ɸat æsð, de?

I’ve been wasting a lot of time lately thinking about language. The result has been a great deal of work going into my Hadysh conlang. The big thing I’ve worked on lately was dialect. The reason is that two of the main characters of Sun-King speak Hadysh natively: Einar and Rozenn, but they speak different dialects. In the book this is represented with Rozenn speaking in an accent.

I chose a light, lowland Scots accent for her because there is some baggage that goes along with it. Semi-foreign but not in an exotic way, working-class, poor, tough, ready to rumble. I wanted that baggage to come along. However, Einar speaks a more “proper” dialect. His dialect is closely related to the “proper” dialect with only a few differences in the position of certain vowels.

All told there are nine dialects not including the “perfect” form I’ve been presenting here. No one speaks that dialect, just like no one speaks dialectless English. There is a dialect considered “proper” and a dialect considered “free” of regional variation, but that is a dialect – just the dialect we expect to hear on the radio.

There is a dialect that is closest to “perfect” and it actually considered by the characters of this world as a mark of low status – it is the language of those who live on the frozen edge of civilization. But that is true in most languages. The “correct” or “proper” forms are rarely chosen for their actual closeness to any proto-language. “Received Pronunciation” (Queen’s English) is no closer or further from Shakespearean English than any other – and that assumes we take Shakespearean as “proper” itself.

It’s not.

Languages are not proper – they are arbitrary. We assign everything through baggage. I would assert that “whom” is not correct English. If you use “whom” you are being a dick. You are trying to speak above people. Normal people speaking normal English do not use “whom.” Ergo, “whom” exists in a smart-ass dialect.

Apologies to any speakers of dialects that still natively contain “whom.” Also, we’re coming for you.

Like French, Hadysh uses the dialect of the capital as “correct”. I call this “Waldish” after the capital – Waldenhof. Just like “Hadysh” this is an English word to represent a foreign tongue.

So, in my interest, I’ve written up some phrases and how the two characters would say them. Most of this was to facilitate the creation of new grammar and vocabulary.

All of these are written in IPA, if you are interested in conlanging I strongly, strongly suggest you write in IPA for purposes of communicating your work and leave your self-created alphabet at home. A) IPA works on computers B) People will get it. Hadysh has some sounds that are weird, lets go over some of them:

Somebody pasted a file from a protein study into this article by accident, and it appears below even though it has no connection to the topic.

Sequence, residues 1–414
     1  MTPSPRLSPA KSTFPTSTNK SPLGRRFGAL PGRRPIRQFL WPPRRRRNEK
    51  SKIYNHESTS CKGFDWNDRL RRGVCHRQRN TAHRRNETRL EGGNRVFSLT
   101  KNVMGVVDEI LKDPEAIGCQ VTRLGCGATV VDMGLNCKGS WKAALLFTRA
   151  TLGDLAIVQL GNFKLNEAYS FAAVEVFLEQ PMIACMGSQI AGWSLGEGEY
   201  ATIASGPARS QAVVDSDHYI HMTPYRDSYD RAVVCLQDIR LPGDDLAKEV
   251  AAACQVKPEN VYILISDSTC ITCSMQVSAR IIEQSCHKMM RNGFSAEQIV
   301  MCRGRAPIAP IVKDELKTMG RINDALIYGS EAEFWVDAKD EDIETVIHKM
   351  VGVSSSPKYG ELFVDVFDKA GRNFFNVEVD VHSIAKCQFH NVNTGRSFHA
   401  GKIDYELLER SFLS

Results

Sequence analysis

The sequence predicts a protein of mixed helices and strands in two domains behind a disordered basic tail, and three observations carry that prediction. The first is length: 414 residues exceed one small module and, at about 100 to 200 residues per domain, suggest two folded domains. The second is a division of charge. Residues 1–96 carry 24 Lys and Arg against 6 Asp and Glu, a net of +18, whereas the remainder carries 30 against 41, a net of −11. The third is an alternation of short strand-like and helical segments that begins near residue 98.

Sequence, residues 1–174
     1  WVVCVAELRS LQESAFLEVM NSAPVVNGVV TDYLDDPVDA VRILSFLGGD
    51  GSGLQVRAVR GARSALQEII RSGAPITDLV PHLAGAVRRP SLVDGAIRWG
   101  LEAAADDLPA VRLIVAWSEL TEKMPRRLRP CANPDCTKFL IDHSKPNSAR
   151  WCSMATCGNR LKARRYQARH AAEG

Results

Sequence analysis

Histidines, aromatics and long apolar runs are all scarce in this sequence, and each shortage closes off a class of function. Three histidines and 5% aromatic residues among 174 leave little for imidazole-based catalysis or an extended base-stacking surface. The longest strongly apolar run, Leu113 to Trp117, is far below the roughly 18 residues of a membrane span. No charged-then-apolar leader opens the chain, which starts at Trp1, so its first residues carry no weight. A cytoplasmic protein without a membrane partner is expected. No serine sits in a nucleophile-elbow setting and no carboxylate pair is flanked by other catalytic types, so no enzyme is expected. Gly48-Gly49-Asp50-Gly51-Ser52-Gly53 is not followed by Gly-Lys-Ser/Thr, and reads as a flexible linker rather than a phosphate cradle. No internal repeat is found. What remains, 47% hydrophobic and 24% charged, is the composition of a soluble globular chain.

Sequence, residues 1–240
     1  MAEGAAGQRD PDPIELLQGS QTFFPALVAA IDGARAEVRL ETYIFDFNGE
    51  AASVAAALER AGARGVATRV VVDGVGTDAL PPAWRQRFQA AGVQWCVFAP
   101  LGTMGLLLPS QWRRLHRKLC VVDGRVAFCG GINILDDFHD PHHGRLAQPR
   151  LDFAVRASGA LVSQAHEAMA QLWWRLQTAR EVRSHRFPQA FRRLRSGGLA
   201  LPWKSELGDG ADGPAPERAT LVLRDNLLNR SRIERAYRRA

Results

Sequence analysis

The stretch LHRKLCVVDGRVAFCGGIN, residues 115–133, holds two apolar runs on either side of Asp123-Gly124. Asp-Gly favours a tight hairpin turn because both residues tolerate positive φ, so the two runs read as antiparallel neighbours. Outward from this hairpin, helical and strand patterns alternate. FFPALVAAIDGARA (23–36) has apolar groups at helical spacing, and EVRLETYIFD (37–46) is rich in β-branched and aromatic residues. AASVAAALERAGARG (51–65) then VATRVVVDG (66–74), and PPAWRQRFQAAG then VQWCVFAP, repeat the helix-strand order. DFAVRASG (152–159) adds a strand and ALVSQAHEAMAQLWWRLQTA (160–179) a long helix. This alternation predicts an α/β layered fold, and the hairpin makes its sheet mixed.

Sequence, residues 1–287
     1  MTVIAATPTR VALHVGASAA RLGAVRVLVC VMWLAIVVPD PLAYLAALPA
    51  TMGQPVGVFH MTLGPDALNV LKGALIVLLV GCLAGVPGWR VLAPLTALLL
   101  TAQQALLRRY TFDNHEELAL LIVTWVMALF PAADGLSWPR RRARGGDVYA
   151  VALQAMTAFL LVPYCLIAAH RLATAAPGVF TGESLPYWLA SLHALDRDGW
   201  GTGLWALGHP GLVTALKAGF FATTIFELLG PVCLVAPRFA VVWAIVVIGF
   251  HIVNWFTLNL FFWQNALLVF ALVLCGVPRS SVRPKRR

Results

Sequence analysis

/ç/ – This is like the “ch” in the German “ich”. It is similar to the “ch” in the Scottish “Loch” like Loch Ness, but it is devoiced so don’t let your vocal chords vibrate.

/x/ – This is the “ch” in Loch Ness. It is NOT a /k/ sound. It isn’t Lok Ness.

/ɹ/ – This is “r” as nearly every English speaker will say it.

/ɹ̝̠̊/ – Start with /ç/, now move your tongue closer to the roof of your mouth and begin to constrict airflow. Close enough.

/ʍ/ – Remember the “cool hwip” gag from Family Guy? That “hw” sound is /ʍ/ and used to be very common in English. It’s why “why” is spelled with an “h” in the middle.

/ɸ/ – Start by making /f/, now part and round your lips. Close enough. This should be like a controlled way of blowing out a candle.

/ð/ – It’s the “th” from “breathe”.

/θ/ – It’s the “th” from “thin”.

/j/ – The “y” in “yes”.

Learn the vowels on your own. They are going to get a bit complex and can be very, very dialect dependent. I generally refer to the German examples because High School and Uni forced “perfect” German on me, but my English is native, so I speak with a “strong” dialect.

I am [NAME]

[ɸat a (NAME)] – You

/ɸɛt ɛ çɪɹiə/ – Rozenn

/fat a nafjelən/ – Einar

What is your name? – Single, Informal “you”

[θjelg æs, de]? (Literally: How will I call you?)

/θjɪlk ɛs’d/? – Rozenn

/θjelg as, de/? – Einar

How are you? – Single, Informal “you”

[ɸat æs, de]?

/ɸɛt ɛs’d/? – Rozenn

/fat as, de/? – Einar

I am fine, thank you. – Single, Informal “you”

[ɸat a lʌx, jʊga ɪ æs]

/ɸɛt ɛ lʌx, jʊkɛ ɪ ‘s/ – Rozenn

/fat a ləç, jəga e as/ – Einar

Good morning.

[ʍæmli lʌx]

/ʍɛmli lʌx/ – Rozenn

/hamle ləç/ – Einar

Good afternoon.

[lælxwændʊ lʌx]

/lɛlxwɛndʊ lʌx/ – Rozenn

/lalçandə ləç/ – Einar

Good evening.

[lælɔðɹ̝̠̊en lʌx]

/lɛlɔðɹɪn lʌx/ – Rozenn

/lalɔðɹ̝̠̊en ləç/ – Einar

Good night.

[ɔðɹ̝̠̊en lʌx]

/ɔðɹɪn lʌx/ – Rozenn

/ɔðɹ̝̠̊en ləç/ – Einar



/çɛç/ – Rozenn

/kak/ – Einar

I am Rozenn, daughter of Leofric and the Great Sword of Macenburgh.

[ɸat a çeɹiə, tatiə jan pænðmʌhiɹd pe ɪlpæzɑxt jan zeʍədɹədʌɹɔɸə]

/ɸɛt ɛ çɪɹiə, tɛtɪə jɛn pɛnðmʌhɪɹd pɪ ɪlpɛzɔxt jɛn zɪʍədɹʌɹɔɸə/ – Rozenn


Nothing wrong with a bit of fun on that last one, aye?

Some interesting grammar bits to note:

First, even I screw up. I did on a previous post. I labeled “hunter” as [bʊfəd] but it is actually [bʊvəd].

Second, the copula does not conjugate. It is always [ɸat] regardless of the subject. This means it is always followed by a subject.

Third, questions follow the sentence they modify. So it would be a statement + , + question word. For example, in English, it would look like “You are, how?”

Fourth, Hadysh, from my first post, has shifted from SVO to VSO. Correct sentences from older posts as needed. As stated this is a growing and changing project that I do for fun instead of eating or writing. Both things far beyond fixing at this point. So I’m going to make some quick food and call it a night.

ɔðɹ̝̠̊en lʌx or oíche mhaith, motherfuckers.



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